Investment company targets specialty-pharma dispensing for business growth

Medworth Acquisition Corp. gathers $63.5 million in an IPO to fund an acquisition

Last month, Medworth, based in Miami, held a successful initial public offering, garnering $63.5 million in two sets of sales, with the specific goal of acquiring a company in “the specialty pharmacy, infusion pharmacy and drug distribution sectors.” (Technically, it can invest in any type of business, but the company principals are aiming at that sector.) Buyouts in drug distribution have been a constant for nearly 20 years; the difference here is both the vehicle being used for investment, and the interests of the organizers of the company.

Medworth is a “special purpose acquisition company” (SPAC), aka a “blank check” company, explains Charles Fistel, CEO. SPACs are now new; although relatively rare, many exist in real estate, high tech and other sectors. The management takes the invested capital and, in a fairly tight timeframe (Medworth has 18 months), chooses a company—typically a private business—that can benefit from an injection of capital, the professional management the acquirer brings, and employing the already-public structure of the acquiring company to become public itself. “Our ideal candidate would be a company with over $100 million in sales, a healthy profit margin, and a growth plan to take it to the next level,” he says—the next level being a company grossing $500 million to $1 billion.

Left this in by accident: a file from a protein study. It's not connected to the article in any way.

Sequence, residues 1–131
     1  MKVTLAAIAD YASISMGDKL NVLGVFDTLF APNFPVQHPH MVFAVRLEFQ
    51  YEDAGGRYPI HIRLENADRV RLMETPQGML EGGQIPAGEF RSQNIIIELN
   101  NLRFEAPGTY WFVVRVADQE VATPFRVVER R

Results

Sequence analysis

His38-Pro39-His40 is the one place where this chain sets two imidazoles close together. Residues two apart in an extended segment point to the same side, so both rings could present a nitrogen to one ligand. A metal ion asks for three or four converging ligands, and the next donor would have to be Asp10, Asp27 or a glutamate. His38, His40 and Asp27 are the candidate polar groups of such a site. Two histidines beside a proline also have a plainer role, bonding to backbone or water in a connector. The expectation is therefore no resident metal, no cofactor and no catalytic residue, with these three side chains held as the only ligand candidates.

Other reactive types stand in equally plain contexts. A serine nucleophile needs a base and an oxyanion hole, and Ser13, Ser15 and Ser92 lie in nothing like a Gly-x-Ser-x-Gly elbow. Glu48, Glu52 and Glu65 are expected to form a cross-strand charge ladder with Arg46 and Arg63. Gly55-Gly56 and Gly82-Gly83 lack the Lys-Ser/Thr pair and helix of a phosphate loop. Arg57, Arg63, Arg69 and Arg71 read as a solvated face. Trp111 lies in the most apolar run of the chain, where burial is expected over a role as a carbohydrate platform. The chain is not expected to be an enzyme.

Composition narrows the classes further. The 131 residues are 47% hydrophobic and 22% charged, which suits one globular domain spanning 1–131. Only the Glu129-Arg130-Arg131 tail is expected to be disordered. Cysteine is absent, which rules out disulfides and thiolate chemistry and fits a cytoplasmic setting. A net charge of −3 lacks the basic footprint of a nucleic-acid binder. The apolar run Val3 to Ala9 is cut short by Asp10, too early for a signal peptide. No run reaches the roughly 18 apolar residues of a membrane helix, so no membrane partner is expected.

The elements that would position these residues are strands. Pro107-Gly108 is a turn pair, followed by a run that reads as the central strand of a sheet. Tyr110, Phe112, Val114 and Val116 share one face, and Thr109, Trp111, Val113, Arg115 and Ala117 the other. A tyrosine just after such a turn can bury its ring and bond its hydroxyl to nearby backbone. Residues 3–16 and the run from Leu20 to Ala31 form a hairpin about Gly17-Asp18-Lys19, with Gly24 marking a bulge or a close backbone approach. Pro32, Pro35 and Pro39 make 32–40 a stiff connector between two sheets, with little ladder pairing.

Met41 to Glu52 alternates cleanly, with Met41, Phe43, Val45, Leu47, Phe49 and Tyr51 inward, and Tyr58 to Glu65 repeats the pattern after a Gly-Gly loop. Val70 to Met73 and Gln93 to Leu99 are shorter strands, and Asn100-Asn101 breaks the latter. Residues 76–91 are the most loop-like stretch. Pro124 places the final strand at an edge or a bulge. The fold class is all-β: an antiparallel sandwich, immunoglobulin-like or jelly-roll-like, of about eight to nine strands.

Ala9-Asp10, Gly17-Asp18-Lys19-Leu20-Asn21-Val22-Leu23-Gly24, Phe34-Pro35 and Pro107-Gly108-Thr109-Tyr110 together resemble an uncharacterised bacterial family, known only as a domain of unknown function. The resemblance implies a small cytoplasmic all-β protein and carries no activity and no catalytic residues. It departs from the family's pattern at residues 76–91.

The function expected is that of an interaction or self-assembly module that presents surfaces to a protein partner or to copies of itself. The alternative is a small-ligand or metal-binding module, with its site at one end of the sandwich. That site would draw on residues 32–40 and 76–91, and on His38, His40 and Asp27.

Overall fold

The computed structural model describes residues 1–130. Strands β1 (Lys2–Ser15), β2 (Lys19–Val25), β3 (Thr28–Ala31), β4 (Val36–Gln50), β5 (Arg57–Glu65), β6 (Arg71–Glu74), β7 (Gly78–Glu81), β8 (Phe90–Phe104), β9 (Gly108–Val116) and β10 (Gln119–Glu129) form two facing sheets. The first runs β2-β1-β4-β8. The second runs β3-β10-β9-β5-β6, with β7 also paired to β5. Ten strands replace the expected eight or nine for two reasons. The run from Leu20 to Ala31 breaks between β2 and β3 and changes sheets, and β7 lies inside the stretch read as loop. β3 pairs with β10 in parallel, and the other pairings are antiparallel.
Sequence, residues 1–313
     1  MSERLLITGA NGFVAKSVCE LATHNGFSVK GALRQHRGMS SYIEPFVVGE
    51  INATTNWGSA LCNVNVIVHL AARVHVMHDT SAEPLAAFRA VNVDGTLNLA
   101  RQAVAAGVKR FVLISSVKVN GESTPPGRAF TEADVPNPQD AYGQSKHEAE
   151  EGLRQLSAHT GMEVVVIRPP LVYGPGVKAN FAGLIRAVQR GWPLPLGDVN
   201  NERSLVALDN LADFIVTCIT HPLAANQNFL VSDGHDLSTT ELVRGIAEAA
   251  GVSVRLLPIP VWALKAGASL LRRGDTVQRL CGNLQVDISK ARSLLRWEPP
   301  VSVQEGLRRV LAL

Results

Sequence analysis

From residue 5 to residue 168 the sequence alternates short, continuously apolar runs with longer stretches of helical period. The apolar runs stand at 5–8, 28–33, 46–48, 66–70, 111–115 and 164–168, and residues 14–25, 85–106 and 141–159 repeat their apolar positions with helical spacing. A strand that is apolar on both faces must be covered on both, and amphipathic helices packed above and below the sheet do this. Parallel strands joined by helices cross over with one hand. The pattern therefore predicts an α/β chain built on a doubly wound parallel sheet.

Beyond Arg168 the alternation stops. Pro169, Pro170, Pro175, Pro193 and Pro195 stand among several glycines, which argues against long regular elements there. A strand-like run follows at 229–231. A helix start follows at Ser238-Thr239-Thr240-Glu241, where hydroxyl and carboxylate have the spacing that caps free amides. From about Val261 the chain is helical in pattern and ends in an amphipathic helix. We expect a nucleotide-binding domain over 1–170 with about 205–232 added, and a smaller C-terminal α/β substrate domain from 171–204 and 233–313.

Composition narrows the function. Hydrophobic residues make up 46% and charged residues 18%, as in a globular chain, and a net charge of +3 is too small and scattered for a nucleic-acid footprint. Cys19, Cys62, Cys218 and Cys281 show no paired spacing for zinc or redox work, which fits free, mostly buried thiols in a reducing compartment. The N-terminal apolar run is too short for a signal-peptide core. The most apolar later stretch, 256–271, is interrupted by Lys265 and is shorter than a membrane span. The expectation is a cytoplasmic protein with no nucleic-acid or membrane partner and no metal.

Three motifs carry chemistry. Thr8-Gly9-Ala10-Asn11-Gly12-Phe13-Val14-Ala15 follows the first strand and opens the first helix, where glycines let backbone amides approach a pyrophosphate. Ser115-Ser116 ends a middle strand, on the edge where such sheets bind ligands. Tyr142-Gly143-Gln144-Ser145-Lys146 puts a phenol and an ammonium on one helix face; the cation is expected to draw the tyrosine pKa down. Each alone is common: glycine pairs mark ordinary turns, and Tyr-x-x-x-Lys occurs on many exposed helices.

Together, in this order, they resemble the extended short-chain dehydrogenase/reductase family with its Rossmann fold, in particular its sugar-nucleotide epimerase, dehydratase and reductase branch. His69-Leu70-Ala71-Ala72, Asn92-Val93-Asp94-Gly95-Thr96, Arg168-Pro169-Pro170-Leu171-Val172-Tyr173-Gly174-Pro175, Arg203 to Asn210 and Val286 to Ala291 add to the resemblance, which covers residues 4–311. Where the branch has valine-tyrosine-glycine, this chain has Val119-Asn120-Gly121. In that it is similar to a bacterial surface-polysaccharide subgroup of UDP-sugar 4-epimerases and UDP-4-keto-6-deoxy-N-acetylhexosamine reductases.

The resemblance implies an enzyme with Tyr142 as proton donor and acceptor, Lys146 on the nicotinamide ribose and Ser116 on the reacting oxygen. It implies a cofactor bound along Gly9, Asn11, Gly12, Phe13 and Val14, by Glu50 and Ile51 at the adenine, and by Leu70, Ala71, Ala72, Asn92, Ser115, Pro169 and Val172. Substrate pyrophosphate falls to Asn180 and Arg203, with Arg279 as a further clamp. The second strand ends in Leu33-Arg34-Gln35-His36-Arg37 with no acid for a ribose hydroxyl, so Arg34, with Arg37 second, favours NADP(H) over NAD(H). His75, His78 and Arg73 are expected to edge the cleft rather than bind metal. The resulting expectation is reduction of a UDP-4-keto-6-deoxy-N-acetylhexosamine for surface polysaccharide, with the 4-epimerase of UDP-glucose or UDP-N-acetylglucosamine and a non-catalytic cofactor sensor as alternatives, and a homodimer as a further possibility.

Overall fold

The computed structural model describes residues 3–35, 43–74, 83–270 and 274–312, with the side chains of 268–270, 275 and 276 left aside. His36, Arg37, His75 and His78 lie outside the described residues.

Why is this valuable to biopharma companies? It depends on how those companies look out on the current landscape of distribution and pharmacy businesses, particularly in specialty pharmaceuticals. The range of offerings is broad and somewhat chaotic, ranging from single-location specialty pharmacies handling an orphan drug, to the biggest pharmacy benefit managers (PBMs) in the world, fitting specialty care into their giant mail-order and distribution-services units. “Biopharma companies would prefer to work with companies that can give them sufficient scale, and there’s a sizable gap in the mid-market range here,” says Stephen Cichy, COO.

Fistel is former CFO of Allied Medical Supply, a Miami drug distributor. Cichy is former EVP at BioScrip (part of which was acquired by Walgreens last year). Other principals include Anthony Minnuto, chairman, also of Allied Medical; Jeffrey Rein, a board member and former chairman of Walgreens; and Robert Savage, board member and former worldwide chairman of J&J’s Pharmaceutical Group.